The responsibility for Agenda 2030 is two-folded within the Swedish government. The Minister for Public Administration is responsible for the implementation on national Level, whilst the Minister for International Development Cooperation and Climate is responsible for the international level. In June 2018 the Government launched the national Action plan for Agenda 2030, for 2018-2020.
The government has appointed an independent committee, The Agenda 2030 delegation, with the aim of giving advice to the government and to stimulate the implementation of the 2030 Agenda. It consists of representatives from science, private sector, civil society etc. Their mandate ends in March 2019.
Civil society has been able to give oral notice/input to the government during the process of developing the Action plan, but was not given access to Draft versions of the document. The Governmental delegation to HLPF always has a couple of civil society representatives included, and has had open consultations with different stakeholders before the HLPF.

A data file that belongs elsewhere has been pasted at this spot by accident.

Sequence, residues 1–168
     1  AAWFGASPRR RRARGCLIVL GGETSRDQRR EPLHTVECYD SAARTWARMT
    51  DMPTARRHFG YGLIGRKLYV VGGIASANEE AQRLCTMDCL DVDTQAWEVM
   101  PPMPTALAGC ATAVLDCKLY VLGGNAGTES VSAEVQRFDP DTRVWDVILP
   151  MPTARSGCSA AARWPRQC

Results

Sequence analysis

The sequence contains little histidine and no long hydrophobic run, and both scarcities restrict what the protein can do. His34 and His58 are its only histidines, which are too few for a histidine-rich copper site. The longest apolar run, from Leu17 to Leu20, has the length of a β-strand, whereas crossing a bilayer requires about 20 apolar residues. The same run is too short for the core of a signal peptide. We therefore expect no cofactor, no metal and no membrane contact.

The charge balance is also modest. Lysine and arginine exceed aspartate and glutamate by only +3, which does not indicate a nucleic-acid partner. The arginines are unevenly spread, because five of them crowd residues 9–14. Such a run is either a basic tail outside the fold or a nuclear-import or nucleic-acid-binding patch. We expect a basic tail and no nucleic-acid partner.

There are several Swedish civil society working groups on the SDGs. One of them is coordinated by Concord Sweden, which mostly focuses on the international aspects of Sweden’s implementation. The other one is a network hosted by Swedish UN Association and the Swedish Association of Local Authorities and Regions, which focuses on implementation within municipalities, county councils and regions. In December 2018, 82 Swedish organizations signed a Joint Letter of Intent (SE) to strengthen Sweden’s work on the SDGs.
Most Swedish CSO’s working on International development issues are working with the SDGs on a daily basis. There is also a growing interest amongst civil society broadly. Parts of the private sector are involved in the implementation of the SDGs and there is a yearly Business Forum for the private sector on Agenda 2030.
Europe is experiencing an economic recovery but many new jobs do not lift people out of poverty
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